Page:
‘Pride and Prejudice’ opens at KSU

Lily Martis

A night of wit, jests and drama, Jane Austen’s “Pride and Prejudice” opened Friday, April 18 in the Wright-Curtis Theatre.

With additional performances being held through Sunday, April 27, the School of Theatre and Dance presented Joseph Hanreddy and JR Sullivan’s adaptation of “Pride and Prejudice” for its annual Roe Green Visiting Director Series. 

Visiting from Milwaukee, Hanreddy also served as this year’s guest director, and his adaptation has been performed all over the country.

“Austen was a realist writer,” said Hanreddy. “She was looking less at a traditionally romantic view of love, but rather what love is like in the real world with real considerations, such as compatibility, financial security, social connections and the in-laws one inherits.”

In search for husbands, the story followed the five Bennet sisters in their marital matchmaking turmoil.

“This adaptation of ‘Pride and Prejudice’ will certainly surprise those who have read the book,” said Joshua Brown, the stage manager. “The play flows in a way that is not subdivided by chapters or even scenes. Each piece of the play flows directly into another.”

A combination of misguided impressions and surprising revelations were strung throughout the play.

“There was not a single dull moment,” said Rachel Drenchko, 19, a freshman fashion merchandising major. “They did a great job reenacting my favorite Jane Austen story.”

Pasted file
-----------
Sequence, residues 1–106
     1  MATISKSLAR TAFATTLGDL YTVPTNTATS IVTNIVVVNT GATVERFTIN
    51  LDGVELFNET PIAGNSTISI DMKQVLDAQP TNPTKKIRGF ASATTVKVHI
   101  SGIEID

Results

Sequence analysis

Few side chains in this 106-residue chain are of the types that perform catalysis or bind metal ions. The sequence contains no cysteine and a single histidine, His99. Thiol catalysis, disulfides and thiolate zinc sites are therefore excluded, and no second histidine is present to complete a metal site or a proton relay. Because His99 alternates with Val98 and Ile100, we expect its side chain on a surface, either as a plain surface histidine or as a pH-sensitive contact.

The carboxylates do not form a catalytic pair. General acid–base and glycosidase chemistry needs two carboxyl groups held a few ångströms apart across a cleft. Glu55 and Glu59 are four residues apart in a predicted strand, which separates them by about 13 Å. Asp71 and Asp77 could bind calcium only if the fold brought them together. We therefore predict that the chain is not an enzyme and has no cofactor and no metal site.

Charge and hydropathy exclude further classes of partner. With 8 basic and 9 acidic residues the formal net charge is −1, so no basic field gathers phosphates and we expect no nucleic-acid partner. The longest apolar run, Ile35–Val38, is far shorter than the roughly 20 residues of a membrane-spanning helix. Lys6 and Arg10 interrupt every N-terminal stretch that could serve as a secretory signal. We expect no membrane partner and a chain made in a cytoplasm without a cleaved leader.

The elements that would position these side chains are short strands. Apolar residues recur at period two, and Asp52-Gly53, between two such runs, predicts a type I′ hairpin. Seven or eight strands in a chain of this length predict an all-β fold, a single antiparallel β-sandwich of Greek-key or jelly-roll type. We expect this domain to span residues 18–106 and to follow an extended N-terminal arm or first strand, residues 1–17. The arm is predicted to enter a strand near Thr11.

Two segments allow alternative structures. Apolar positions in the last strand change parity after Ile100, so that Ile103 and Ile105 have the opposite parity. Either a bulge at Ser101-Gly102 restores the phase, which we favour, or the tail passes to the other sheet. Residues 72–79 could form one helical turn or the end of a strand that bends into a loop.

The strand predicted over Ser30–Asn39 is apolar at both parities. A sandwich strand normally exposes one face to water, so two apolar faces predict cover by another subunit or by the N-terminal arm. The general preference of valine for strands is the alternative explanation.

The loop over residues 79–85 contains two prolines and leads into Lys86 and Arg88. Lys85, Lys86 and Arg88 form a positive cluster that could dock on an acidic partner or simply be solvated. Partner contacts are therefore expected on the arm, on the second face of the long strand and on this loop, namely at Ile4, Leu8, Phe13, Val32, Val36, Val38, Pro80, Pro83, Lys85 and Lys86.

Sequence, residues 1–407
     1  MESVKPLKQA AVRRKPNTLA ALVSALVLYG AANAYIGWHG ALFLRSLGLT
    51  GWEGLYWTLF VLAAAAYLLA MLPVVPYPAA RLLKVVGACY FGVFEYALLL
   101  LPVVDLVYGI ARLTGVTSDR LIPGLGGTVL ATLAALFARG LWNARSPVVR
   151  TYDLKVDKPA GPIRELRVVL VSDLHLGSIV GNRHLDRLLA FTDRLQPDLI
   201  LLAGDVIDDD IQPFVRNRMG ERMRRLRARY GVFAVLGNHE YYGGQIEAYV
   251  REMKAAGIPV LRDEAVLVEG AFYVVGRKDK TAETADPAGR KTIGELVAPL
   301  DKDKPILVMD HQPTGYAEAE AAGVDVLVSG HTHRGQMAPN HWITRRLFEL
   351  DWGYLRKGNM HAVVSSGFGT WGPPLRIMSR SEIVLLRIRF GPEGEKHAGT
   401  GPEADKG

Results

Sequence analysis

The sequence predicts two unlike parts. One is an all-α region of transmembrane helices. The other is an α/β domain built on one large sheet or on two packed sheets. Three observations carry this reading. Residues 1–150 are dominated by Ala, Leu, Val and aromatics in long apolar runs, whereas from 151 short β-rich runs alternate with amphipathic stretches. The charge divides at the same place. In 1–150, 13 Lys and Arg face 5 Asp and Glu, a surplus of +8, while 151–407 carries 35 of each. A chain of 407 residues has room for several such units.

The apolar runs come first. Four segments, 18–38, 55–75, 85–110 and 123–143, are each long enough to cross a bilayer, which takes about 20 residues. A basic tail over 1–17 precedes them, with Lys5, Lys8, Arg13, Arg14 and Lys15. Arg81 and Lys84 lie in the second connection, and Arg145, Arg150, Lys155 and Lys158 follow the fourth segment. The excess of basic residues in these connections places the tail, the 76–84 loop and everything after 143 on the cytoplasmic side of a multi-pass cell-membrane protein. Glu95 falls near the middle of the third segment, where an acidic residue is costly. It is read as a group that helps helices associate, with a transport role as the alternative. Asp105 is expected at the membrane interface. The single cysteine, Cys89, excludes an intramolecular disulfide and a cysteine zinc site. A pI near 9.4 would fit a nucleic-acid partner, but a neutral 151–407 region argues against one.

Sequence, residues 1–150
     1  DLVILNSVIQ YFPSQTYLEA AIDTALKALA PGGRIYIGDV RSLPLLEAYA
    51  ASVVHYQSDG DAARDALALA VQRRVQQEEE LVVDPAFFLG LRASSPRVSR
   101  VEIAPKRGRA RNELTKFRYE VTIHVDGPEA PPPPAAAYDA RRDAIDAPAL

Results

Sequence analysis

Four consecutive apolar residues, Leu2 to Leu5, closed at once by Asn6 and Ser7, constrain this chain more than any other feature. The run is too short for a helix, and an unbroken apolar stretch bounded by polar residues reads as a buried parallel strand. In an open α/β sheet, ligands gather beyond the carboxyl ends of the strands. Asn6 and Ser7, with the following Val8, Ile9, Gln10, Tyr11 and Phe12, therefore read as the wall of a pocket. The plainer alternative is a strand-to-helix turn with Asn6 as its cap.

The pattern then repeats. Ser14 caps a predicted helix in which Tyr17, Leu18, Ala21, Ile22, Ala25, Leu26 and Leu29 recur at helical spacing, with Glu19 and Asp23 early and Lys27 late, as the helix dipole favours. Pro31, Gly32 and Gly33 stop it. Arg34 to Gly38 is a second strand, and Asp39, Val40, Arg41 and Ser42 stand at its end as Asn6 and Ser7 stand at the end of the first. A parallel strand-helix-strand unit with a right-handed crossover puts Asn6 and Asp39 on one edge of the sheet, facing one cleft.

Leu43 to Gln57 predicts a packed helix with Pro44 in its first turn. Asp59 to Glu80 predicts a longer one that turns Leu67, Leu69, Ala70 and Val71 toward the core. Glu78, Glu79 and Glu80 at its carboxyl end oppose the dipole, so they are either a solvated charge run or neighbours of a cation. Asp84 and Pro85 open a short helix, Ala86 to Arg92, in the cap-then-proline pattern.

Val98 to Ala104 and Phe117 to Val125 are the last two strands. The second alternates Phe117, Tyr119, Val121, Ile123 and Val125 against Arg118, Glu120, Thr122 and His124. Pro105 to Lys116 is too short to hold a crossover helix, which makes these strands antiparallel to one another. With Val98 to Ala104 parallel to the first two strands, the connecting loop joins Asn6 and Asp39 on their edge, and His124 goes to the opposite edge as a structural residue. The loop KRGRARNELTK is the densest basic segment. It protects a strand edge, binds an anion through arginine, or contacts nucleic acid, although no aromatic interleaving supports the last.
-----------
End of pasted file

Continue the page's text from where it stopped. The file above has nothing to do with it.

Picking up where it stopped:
The early 19th-century tale was told through issues of manners, morality and marriage.

“Although the set is minimal and the costumes do not change very often,” Brown said, “the production itself is very large in its story and relatable emotions.”

The cast continued to receive positive reactions from the audience, including Jackie Myers, 21, a junior business management major.

“There’s something about ‘Pride and Prejudice’ that everybody can relate to,” Myers said. “I thought the cast did an amazing job bringing the story to life.”

Swallowing his pride and rethinking her prejudice, Mr. Darcy and Elizabeth’s romance kept the audience enticed until the end.

“Each of these actors have been given an environment and a character, and they get to run with it and express their passion for their craft,” said Brown. “It will be truly beautiful to behold.”

In its 11th year, the Roe Green Visiting Director Series was established in 2003 supported by local arts patron Roe Green.

“The students are very generous with each other and me, as well as tremendously talented and very committed,” said Hanreddy. “It’s been a terrific experience.”

To purchase tickets online, visit kenttheatre.tix.com.

Contact Lily Martis at [email protected]